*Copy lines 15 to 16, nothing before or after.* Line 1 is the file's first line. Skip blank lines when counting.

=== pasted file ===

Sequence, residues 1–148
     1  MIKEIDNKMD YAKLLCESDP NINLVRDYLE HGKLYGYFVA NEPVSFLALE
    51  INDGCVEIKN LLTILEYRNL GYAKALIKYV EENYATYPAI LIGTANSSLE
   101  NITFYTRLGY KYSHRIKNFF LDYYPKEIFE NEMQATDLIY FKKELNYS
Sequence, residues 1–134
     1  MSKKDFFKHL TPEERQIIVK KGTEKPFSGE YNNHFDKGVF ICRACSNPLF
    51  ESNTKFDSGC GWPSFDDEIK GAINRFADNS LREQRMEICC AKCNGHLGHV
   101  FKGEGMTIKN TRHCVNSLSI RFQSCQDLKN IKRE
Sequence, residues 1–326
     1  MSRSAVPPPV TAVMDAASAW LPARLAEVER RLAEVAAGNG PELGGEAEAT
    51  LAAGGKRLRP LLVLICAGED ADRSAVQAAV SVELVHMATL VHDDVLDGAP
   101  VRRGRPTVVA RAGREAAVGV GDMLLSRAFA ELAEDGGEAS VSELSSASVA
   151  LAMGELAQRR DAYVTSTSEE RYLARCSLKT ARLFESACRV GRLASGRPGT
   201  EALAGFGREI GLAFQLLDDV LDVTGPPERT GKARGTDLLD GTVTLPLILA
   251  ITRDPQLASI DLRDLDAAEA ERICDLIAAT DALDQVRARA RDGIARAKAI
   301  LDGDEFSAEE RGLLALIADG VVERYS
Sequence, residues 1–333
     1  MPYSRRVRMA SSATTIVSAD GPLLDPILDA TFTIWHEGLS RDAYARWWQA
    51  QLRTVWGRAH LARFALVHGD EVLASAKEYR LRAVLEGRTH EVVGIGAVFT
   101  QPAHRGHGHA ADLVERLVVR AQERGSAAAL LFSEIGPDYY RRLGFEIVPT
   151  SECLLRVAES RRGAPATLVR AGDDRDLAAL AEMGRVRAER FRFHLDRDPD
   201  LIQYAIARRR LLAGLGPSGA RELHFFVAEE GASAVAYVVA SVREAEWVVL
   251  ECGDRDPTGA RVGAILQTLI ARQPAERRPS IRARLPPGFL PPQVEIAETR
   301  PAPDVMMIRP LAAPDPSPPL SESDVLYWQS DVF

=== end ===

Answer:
   251  ITRDPQLASI DLRDLDAAEA ERICDLIAAT DALDQVRARA RDGIARAKAI
   301  LDGDEFSAEE RGLLALIADG VVERYS